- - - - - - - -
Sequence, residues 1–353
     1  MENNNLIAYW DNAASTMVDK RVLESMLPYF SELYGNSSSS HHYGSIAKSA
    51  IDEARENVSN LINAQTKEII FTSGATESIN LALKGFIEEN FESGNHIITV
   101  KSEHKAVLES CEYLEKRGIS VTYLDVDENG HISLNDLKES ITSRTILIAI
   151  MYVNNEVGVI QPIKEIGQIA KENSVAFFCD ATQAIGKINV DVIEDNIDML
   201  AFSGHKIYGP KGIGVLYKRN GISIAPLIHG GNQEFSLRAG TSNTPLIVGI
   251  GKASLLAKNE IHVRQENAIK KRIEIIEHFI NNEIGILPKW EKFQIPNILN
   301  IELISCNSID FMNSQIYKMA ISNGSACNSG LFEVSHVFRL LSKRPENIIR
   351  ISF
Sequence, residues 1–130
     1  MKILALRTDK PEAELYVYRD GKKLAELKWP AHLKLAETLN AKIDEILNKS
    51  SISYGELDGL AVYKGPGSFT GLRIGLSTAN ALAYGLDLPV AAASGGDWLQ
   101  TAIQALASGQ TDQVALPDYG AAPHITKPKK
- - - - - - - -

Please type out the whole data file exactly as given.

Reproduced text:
Sequence, residues 1–353
     1  MENNNLIAYW DNAASTMVDK RVLESMLPYF SELYGNSSSS HHYGSIAKSA
    51  IDEARENVSN LINAQTKEII FTSGATESIN LALKGFIEEN FESGNHIITV
   101  KSEHKAVLES CEYLEKRGIS VTYLDVDENG HISLNDLKES ITSRTILIAI
   151  MYVNNEVGVI QPIKEIGQIA KENSVAFFCD ATQAIGKINV DVIEDNIDML
   201  AFSGHKIYGP KGIGVLYKRN GISIAPLIHG GNQEFSLRAG TSNTPLIVGI
   251  GKASLLAKNE IHVRQENAIK KRIEIIEHFI NNEIGILPKW EKFQIPNILN
   301  IELISCNSID FMNSQIYKMA ISNGSACNSG LFEVSHVFRL LSKRPENIIR
   351  ISF
Sequence, residues 1–130
     1  MKILALRTDK PEAELYVYRD GKKLAELKWP AHLKLAETLN AKIDEILNKS
    51  SISYGELDGL AVYKGPGSFT GLRIGLSTAN ALAYGLDLPV AAASGGDWLQ
   101  TAIQALASGQ TDQVALPDYG AAPHITKPKK